Have you ever stopped to consider the number of hats you wear as a small business owner?
You’re not just the CEO, you’re also the marketing team, your own finance department, HR, customer service, product development, social media manager, accountant, supply chain and logistics team… I mean, whew! I get exhausted just thinking about it, let alone doing all of it.
It makes it hard to maintain normal productivity levels as an individual worker because you’re technically doing the jobs of fifty different people. From emailing clients and leads to invoicing for services or products, there always seems to be a constant demand for your time. And it’s kind of unavoidable if you want to keep the lights on in your business.
But being a business owner who also happens to have a family and some semblance of a life has forced me to get creative when it comes to using my time productively.
In this post I’m breaking down some of my best productivity tips for small business owners that will have you managing your work flow and becoming the most productive entrepreneur you can be!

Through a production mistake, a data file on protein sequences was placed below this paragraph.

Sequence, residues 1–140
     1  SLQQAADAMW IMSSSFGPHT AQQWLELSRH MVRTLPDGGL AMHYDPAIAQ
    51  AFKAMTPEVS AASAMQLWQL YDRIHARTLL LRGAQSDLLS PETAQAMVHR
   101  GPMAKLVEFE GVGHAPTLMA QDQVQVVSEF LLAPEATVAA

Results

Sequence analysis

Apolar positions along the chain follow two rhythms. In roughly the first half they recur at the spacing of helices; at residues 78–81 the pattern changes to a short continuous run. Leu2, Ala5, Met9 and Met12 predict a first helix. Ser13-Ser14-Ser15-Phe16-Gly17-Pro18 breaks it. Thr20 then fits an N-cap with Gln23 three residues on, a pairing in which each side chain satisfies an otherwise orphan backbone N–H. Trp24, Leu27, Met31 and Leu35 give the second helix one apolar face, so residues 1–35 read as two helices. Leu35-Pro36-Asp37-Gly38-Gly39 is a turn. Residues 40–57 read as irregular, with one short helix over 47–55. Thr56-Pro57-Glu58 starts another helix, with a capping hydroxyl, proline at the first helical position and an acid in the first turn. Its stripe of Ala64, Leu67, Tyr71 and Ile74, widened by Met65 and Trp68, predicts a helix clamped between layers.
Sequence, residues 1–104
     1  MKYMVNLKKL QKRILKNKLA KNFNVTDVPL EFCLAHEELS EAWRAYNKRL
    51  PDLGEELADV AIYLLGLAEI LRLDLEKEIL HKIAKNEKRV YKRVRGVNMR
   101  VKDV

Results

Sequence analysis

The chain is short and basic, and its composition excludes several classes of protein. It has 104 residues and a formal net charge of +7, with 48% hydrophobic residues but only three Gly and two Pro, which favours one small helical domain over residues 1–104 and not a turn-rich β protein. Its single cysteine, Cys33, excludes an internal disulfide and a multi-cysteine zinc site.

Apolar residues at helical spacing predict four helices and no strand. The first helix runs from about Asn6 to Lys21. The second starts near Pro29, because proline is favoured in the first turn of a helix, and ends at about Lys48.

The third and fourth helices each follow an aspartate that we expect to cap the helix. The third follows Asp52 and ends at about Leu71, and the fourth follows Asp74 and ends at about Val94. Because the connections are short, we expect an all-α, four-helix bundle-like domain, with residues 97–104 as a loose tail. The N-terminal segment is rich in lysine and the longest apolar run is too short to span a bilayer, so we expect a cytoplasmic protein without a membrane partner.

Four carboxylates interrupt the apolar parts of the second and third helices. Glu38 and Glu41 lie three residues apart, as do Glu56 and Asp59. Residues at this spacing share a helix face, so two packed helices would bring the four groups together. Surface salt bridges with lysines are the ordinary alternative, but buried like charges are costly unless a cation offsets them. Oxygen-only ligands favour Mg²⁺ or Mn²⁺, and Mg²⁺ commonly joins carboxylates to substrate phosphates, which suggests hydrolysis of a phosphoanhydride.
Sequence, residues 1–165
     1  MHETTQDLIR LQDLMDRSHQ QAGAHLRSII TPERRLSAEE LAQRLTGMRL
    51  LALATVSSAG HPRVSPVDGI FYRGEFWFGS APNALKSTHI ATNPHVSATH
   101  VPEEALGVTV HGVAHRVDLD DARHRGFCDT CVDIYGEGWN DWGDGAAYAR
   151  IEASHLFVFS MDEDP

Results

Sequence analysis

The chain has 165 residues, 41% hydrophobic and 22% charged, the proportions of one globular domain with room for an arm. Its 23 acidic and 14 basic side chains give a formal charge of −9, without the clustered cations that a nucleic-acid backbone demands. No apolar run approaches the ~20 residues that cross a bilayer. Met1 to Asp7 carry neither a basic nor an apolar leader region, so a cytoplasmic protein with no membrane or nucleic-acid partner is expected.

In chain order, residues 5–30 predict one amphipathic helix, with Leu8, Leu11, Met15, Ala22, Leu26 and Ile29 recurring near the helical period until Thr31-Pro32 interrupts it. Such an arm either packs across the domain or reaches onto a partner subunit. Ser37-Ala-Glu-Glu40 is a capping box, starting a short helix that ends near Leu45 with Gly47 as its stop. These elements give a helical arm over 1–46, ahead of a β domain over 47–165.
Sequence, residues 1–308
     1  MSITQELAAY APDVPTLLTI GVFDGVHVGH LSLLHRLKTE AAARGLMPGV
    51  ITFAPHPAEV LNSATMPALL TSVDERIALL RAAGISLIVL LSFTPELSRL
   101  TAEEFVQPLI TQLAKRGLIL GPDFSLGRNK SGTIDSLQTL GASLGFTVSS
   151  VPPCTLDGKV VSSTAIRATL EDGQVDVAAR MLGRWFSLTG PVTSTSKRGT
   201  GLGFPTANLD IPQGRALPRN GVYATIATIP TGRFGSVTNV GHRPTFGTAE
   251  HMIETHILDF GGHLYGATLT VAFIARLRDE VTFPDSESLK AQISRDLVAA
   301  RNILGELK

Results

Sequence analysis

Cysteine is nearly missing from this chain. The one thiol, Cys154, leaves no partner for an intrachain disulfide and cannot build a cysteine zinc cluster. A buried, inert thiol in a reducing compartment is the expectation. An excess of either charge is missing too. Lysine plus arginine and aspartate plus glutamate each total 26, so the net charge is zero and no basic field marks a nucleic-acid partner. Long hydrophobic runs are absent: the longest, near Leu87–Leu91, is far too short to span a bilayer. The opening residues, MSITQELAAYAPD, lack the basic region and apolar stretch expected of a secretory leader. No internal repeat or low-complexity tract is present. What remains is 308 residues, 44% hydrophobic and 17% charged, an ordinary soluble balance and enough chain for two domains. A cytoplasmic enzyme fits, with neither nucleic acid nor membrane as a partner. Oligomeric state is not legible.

1. Remember more isn’t always better
You know what they say about “jack of all trades and master of none,” right?
Nowhere is this more true than in running your own business.
I’ll be the first to admit I’m a bit of a control freak, so I totally appreciate the feeling of needing to keep your hand in all parts of your business. There’s this belief that no one can do it better than we can, right?
But while that’s true of some parts of your business, it can’t be true of all of them.
If you want to be an effective business owner, it’s better to invest your time in those parts that you truly do best than half-assing every part of the process because you’re spread too thin trying to do it all.
So identify those places where your time is most valuable in your business, those areas where you shine. Then evaluate the areas where you spend a lot of time, but it’s not immediately delivering returns. Like managing your social media, pulling together a marketing plan, or tracking outstanding invoices.
Ask yourself if they’re necessary to the growth or operation of your business. If they’re not, stop doing them. If they are, find a way to get them off your plate, either by outsourcing them to an app or to an individual. It’ll likely cost money, but it’ll enable you to work where you’re most valuable in your business, which will end up making you more money in the long run.
2. Silence your notifications
Between the constant Instagram notifications, texts messages on your friends group chain, and the calls from your mom asking you what you’re up to (because you couldn’t possibly be working at 2 PM on a Tuesday afternoon, right?), your phone is nothing more than a giant distraction.